I had just landed in LAX the Friday of the start of Spring Break when I stopped at Starbucks to grab something to drink, and as I grabbed my debit card to hand to the cashier – I realized my ID was missing. I was on the phone with my dad and went into FULL panic mode. How was I going to make my flight home? What if it’s not where I thought it was? Do I report it stolen? So many questions ran through my mind as I figured out the best course of action.
Now for some context, I had flown out of Logan Airport in Boston and because I fly across the country frequently, I have enrolled in the TSA Precheck program. This means that I don’t have to take off my shoes, empty the contents of my bag or anything along those lines, I get to go through the expedited screening which is much less invasive and much faster. However, it was a bit scrambled with it being the second wave of Spring Breakers to come through and people on vacation so they were rushing us and our items through the security checkpoint more hurriedly than usual. They told me to leave my ID out so I ended up throwing the ID and my tickets into the white bins they provide along with my keys, wallet and phone as I usually do. Little did I know that my ID had fallen out onto the conveyor belt and not into my wallet as I had believed it had. Not even thinking twice about the whole ordeal, I boarded my flight and flew to LAX thinking I had my ID in my wallet that whole time.
The first course of action was calling and contacting the TSA precheck Lost and Found where I left a very detailed message about my ID and pretty much everything that was listed on it as well as filing an online report. Yet, as I submitted the form, I read their notice. It takes them up to 5 days to get back to you and my trip was 7 days long, and I was also going to be across the country in Hawaii. This is when I started to do some research: how does one get on a flight with no identification?
I read article upon article about other people’s experiences going through TSA without the identification of their driver’s license. Some people had everything stolen on a trip, so they had absolutely nothing, others used prescriptions and/or answered security questions through a series of interviews to verify their identity. I started to wonder… what was my experience going to be like? Would I have to answer a series of questions? Would my bag and all of its contents be rifled through? I ended up giving it a rest and waited anxiously to hear back from TSA on whether or not they had my ID in their possession. After the fourth day of my trip, I received an email confirming that they had found my license and listed the options I had in regards to retrieving it – I decided that I would personally go pick it up after I landed in Boston. Fast forward seven days and I was ubering to the airport three hours ahead of my departure time, bags in tow, wondering how this experience was going to go.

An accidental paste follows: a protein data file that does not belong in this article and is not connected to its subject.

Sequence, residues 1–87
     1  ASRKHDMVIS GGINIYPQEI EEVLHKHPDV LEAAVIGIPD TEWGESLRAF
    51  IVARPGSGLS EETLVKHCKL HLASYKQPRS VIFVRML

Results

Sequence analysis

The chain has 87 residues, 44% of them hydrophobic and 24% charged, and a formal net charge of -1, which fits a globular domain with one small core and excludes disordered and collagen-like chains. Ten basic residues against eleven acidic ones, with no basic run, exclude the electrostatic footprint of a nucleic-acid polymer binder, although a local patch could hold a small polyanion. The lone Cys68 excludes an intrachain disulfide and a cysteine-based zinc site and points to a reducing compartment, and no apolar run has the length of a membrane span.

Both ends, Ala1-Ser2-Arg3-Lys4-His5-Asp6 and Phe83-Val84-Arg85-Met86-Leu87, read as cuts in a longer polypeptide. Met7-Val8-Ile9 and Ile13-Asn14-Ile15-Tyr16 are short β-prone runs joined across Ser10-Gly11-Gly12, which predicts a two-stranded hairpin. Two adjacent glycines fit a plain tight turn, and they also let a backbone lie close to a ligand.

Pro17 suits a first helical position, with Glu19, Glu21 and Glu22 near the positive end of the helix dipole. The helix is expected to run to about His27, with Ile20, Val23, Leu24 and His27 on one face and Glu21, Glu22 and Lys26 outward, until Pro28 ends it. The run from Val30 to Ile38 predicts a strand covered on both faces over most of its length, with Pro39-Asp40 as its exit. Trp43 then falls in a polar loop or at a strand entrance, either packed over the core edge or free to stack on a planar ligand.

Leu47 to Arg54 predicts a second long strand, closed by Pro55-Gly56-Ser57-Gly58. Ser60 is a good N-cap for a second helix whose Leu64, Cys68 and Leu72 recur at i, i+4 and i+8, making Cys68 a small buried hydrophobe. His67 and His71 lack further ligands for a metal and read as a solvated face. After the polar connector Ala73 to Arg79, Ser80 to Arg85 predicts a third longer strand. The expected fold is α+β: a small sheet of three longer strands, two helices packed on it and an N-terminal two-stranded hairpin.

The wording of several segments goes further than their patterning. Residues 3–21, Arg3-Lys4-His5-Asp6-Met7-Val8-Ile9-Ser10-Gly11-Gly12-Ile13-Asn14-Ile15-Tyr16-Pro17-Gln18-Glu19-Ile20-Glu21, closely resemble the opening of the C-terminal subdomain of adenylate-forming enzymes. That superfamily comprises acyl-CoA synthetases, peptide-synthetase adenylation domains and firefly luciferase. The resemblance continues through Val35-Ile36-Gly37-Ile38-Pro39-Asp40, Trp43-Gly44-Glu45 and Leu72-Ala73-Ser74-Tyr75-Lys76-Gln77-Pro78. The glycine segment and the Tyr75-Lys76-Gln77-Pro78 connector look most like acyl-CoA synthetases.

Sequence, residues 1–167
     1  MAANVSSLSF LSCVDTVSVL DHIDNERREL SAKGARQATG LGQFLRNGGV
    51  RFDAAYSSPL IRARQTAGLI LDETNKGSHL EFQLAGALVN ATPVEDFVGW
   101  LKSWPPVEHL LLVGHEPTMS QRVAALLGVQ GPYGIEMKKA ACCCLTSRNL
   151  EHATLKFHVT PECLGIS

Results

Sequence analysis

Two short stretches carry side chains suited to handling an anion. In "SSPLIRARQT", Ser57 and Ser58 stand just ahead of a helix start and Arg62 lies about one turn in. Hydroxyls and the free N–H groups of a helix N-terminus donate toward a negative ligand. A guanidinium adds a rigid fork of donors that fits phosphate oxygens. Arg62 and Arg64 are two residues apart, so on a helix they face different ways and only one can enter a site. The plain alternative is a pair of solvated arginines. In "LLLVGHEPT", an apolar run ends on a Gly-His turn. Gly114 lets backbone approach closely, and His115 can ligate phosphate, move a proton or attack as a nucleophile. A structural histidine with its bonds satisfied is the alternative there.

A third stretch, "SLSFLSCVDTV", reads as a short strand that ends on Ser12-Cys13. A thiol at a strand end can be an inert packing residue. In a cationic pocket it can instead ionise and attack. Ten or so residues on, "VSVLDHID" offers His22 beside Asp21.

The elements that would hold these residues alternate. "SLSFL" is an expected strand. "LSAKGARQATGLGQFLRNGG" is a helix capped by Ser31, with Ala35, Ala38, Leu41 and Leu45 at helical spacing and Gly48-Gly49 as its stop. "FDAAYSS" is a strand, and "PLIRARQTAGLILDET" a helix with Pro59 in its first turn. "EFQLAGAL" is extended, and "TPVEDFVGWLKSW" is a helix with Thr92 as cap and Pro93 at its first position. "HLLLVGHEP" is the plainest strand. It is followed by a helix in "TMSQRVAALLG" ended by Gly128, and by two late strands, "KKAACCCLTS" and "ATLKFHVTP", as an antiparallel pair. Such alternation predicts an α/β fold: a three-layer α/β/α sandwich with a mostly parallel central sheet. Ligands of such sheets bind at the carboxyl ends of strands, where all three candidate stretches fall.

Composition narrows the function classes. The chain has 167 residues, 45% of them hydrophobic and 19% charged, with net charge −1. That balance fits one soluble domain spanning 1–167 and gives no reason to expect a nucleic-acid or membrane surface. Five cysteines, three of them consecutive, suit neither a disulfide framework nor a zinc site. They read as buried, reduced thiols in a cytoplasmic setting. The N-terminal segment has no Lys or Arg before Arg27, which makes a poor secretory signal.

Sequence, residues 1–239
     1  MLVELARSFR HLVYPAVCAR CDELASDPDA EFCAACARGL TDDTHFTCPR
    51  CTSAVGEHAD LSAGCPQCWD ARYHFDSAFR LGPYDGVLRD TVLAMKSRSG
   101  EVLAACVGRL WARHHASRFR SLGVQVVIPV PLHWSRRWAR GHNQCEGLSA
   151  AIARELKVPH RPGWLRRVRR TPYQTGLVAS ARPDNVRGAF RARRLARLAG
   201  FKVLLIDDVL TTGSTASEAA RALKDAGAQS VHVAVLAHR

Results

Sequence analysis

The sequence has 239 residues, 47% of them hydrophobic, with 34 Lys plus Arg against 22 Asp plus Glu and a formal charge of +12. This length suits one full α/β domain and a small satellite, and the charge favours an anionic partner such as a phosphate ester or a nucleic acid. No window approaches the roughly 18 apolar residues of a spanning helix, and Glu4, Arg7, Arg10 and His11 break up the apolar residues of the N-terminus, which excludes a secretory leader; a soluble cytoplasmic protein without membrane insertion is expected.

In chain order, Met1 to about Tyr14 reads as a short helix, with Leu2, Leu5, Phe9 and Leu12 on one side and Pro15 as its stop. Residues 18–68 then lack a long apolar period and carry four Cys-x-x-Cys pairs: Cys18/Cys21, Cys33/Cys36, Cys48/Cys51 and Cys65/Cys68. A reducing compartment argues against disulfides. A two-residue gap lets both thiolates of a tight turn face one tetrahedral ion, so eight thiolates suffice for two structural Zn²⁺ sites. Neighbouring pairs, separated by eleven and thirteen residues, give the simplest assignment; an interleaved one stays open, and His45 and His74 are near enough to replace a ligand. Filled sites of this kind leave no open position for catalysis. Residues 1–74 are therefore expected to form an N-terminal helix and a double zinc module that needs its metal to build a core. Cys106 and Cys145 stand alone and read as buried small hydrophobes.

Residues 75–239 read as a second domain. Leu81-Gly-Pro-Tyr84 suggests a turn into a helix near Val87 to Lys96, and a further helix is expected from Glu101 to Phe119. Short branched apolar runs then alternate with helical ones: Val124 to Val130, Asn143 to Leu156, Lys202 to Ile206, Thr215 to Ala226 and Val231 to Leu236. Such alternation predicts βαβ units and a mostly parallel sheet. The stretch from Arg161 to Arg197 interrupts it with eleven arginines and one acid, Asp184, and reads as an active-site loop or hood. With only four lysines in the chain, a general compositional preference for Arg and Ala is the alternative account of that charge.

I first approached the Agricultural Checkpoint where they make sure that you aren’t bringing any agriculture out of Hawaii, but thankfully they didn’t ask to see any identification. I internally panicked about the bag of dried apricots I had stored in a pocket, but there were no issues. I was asked to place my check-in bag on the conveyor belt so that they could tag it as both inspected and approved, and off I went to the Check-In counter. I approached a Delta agent and explained the situation a bit, she looked a bit more annoyed if anything, but directed me to the kiosk where I proceeded as usual. As I went to the Baggage Drop counter, I once again explained the situation about my ID (and how it was in Boston, where I was headed) but that I had alternate forms of identification. She asked for a credit card and something with my photo on it, so I handed her my University of Maine student ID. She seemed satisfied with both of those, and let my bag through, directing me towards gate security.
I would be lying if I said that I wasn’t internally panicking when walking to towards security. It had been fairly painless up until this point, so I picked the nicer of the two TSA agents and hoped for the best. Especially because this man had the fate of my travel day in his hands and he knew that. I once again explained the situation and he asked for another form of identification that wasn’t my student ID, so I handed over my Costco card. That seemed to do the trick in terms of identification and he told me I was going to be labeled as a 1+1 – meaning a TSA agent was going to follow me all the way through security and I was going to go through secondary screening at the other end. Eventually, a male agent came and ushered me to follow him. I proceeded to place everything in the bins and my bags on the conveyor belt and proceeded through screening as usual with the TSA agent following my bags behind the belt. After screening, all of my items were taken off the belt and taken into the secondary screening area.
At this point, the 1+1 agent turned me over to another male agent who was assigned to wipe down and sift through my belongings along with a female agent who was going to conduct my pat down. As they went through my bags and other personal items, the female agent proceeded to give me the most thorough pat down I have ever received and after testing my hands, told me I was free to go. After that, I had no issues getting on my plane and back to Boston where my ID was waiting for me at the Police Station near the airport. I was extremely lucky they were able to get back to me quickly because they are backlogged by over 1,000+ items and have not been able to answer all their calls due to the government shut down. However, despite my luck, I learned that you should always travel with more than just your state ID – a DMV issued ID card, Passport, and others are good options because you never know what you’ll lose when traveling.